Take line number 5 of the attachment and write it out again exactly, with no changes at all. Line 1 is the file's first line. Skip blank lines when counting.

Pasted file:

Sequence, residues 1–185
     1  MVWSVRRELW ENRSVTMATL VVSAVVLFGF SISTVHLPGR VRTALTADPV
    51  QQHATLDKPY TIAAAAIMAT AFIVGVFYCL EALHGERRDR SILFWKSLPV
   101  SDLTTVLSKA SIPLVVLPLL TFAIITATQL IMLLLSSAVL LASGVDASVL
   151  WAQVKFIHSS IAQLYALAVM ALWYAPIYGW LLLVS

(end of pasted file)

   151  WAQVKFIHSS IAQLYALAVM ALWYAPIYGW LLLVS